Recently, the Louisiana Fifth Circuit Court of Appeals increased a trial court’s award of damages to a plaintiff in a negligence action against Walgreens. Negligence involves showing the court that one person (or company) failed to do their duty—and as a result, someone was hurt. In this case, Peggy Williams asked her son Derrick to pick up a medication for her from the Walgreens pharmacy in Gretna. Walgreens’ pharmacist handed Derrick another person’s medication, and Ms. Williams took the pills without noticing the mistake. As a result, she suffered several strokes and long-term loss of physical capacity. The jury found that Ms. Williams and her son were 40% at fault, and that Walgreens was 60% at fault for the harms Ms. Williams suffered.
Ms. Williams appealed the judgment on two grounds.
First, she argued that the trial judge made a mistake by entering a judgment different from the jury’s responses on the verdict form. The verdict form apportioned the fault to the parties in the following manner:
Peggy Williams: 5%
Derrick Williams: 35%
8. What amount of damages will compensate Peggy Williams for any injury or injures [sic] proximately caused by negligence of Walgreen Louisiana Co., Inc. or any of its employees?
The trial court interpreted these responses to mean that Walgreens owed Ms. Williams 60% of one million—i.e. $600,000. Ms. Williams thinks that the jury wanted her to get the full $1 million. On appeal, the court found that the interrogatories were clear enough for the jurors and the trial judge to have interpreted them properly, and that there was no indication that the jurors did not understand the questions. In addition, Ms. Williams could have, but did not, object to the form of questions #7 and #8. Because of this, the appellate court found that the trial judge applied the jury’s responses properly. See La. C.C.P. art 1793 and Willis v. Ochsner Clinic Foundation, 13-627 (La.App. 5 Cir. 4/23/14) 140 So.3d 338, 348-49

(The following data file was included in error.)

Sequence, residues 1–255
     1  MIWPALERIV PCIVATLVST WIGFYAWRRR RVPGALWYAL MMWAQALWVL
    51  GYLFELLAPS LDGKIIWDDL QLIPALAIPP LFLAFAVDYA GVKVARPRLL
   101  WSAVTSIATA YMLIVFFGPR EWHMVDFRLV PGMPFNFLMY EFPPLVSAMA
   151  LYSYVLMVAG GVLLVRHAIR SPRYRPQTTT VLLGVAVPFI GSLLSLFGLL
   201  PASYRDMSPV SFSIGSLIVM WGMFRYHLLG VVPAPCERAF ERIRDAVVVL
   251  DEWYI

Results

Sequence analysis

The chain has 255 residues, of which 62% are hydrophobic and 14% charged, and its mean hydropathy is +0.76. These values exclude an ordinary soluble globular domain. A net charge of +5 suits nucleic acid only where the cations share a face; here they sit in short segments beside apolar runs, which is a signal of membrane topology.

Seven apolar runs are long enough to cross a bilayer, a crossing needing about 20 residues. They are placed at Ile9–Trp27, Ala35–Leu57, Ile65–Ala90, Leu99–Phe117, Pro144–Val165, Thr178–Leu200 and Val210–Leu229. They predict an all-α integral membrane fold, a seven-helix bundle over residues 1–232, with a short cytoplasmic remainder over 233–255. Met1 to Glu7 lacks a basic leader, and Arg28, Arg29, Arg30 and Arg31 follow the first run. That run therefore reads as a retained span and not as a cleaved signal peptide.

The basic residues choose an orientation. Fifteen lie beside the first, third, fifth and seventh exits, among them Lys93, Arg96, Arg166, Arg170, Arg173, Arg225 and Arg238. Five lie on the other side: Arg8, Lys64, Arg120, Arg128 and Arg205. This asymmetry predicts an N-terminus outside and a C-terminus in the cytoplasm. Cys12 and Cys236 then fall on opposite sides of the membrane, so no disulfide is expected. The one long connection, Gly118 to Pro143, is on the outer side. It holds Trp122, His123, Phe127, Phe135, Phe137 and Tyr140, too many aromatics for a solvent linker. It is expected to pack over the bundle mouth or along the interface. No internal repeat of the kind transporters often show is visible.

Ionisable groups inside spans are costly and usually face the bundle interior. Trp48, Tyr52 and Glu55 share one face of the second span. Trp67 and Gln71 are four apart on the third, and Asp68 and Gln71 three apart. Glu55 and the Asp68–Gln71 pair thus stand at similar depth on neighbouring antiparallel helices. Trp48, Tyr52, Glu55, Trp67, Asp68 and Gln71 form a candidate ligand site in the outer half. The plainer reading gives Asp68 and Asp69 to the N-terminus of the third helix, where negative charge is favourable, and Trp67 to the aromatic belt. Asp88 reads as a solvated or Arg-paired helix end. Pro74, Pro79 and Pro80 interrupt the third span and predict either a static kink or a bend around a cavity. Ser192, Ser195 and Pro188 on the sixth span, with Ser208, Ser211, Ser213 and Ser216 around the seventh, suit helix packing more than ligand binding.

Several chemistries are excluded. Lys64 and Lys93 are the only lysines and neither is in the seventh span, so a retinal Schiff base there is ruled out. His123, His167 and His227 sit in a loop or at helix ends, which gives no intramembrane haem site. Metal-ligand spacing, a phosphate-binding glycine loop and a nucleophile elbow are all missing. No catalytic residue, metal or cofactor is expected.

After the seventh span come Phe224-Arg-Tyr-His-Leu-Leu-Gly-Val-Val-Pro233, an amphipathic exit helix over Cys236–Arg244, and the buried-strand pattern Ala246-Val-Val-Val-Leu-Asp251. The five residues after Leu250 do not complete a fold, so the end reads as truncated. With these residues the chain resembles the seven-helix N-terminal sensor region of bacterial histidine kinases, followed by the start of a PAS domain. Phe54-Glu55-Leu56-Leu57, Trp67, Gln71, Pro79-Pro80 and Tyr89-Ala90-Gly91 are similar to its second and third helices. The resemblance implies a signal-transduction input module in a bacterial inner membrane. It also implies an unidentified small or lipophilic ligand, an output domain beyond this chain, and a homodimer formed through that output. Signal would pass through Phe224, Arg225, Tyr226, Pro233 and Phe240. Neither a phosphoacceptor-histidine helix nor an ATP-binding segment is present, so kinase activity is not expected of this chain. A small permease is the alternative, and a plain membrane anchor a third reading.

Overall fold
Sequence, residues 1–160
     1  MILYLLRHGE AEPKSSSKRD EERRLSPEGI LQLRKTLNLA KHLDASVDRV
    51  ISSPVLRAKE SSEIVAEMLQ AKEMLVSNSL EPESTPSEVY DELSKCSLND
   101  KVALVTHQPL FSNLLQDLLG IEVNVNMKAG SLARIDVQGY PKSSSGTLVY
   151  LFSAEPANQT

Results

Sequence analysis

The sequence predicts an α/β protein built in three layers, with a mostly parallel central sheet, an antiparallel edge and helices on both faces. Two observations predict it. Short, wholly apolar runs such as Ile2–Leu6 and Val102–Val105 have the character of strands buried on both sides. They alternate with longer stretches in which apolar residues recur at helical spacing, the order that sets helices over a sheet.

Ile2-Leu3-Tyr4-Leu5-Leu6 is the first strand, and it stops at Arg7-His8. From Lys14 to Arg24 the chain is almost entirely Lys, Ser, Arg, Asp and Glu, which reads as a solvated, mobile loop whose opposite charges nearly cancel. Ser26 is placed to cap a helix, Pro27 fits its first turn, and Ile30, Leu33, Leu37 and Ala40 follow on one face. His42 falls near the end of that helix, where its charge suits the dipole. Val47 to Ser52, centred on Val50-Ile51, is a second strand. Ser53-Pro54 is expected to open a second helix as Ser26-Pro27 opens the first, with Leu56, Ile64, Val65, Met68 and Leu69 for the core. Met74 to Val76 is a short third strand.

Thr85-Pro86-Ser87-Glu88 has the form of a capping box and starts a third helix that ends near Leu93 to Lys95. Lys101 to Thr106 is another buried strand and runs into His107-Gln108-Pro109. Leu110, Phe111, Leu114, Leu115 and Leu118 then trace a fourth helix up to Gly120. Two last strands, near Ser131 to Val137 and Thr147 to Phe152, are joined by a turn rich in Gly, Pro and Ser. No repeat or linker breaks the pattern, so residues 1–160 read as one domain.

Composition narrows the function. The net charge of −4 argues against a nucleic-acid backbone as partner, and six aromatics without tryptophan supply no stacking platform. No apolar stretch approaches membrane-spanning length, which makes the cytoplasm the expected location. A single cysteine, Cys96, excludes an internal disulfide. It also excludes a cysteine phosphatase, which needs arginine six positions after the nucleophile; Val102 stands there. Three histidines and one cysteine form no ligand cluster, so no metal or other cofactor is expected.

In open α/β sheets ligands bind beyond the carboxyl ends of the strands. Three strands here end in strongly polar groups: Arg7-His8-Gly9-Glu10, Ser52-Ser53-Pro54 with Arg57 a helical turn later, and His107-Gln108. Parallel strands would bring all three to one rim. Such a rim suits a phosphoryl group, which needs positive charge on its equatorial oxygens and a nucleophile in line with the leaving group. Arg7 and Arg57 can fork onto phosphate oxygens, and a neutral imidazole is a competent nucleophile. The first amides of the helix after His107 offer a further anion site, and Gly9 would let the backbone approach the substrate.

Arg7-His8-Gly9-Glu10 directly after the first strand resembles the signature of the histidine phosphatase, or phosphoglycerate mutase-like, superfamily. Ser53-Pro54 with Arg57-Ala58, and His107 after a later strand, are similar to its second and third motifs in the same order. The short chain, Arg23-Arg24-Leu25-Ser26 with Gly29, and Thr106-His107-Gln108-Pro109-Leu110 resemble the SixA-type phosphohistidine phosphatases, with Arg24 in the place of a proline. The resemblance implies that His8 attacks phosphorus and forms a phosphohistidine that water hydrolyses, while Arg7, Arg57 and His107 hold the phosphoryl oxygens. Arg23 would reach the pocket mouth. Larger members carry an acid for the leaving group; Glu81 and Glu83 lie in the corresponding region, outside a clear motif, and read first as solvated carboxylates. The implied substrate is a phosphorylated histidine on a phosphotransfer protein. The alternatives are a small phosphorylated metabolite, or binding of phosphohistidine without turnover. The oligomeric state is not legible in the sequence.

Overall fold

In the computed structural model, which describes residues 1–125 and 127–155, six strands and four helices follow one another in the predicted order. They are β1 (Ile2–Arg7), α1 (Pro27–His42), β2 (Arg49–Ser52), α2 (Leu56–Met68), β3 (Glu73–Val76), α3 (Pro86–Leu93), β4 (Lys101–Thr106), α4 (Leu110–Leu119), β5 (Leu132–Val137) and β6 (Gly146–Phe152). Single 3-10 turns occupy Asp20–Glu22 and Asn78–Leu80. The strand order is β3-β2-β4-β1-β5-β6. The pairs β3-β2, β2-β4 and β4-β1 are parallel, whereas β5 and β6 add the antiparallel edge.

One judge, Judge Wicker, dissented on this issue. She thought that question #8 is clearly asking for damages attributable to Walgreen alone, and that therefore the jury probably intended Ms. Williams to get the full $1 million. However, her dissent did not change the outcome of the case.
Ms. Williams’ second ground for appeal was that the jury’s decision to award zero damages for loss of enjoyment of life amounted to an abuse of discretion. In personal injury cases, a plaintiff may ask damages to compensate her for long-term or permanent harms that make it difficult or impossible for her to enjoy and participate in life the way she used to—e.g., if she can’t do the job she loves, or can’t enjoy sex any more, or can’t live with the freedom and independence that she was use to. The appeals court agreed with Ms. Williams that she should have been awarded something for her loss of enjoyment of life. Before her strokes, Ms. Williams had been an active and independent woman who worked a steady job, and on whom her family relied. Since the strokes, however, she is unemployable. She also requires assistance with day-to-day activities, from the very family members she used to help. The court of appeals found that awarding Ms. Williams nothing for the damage to her vibrant life was “manifest error.”
The appeals court found that an award of $50,000 was the lowest amount that the trial court could have awarded for Ms. Williams’ loss of enjoyment of life, and increased the judgment for Ms. Williams by that amount.
A good lawyer on a personal injury claim should make sure to provide evidence of any long-term harms to a person’s quality of life—to ensure that the injured party gets compensation for the difficulties they’ll face going forward.
Written by Berniard Law Firm Blog Writer: Anna Ratner
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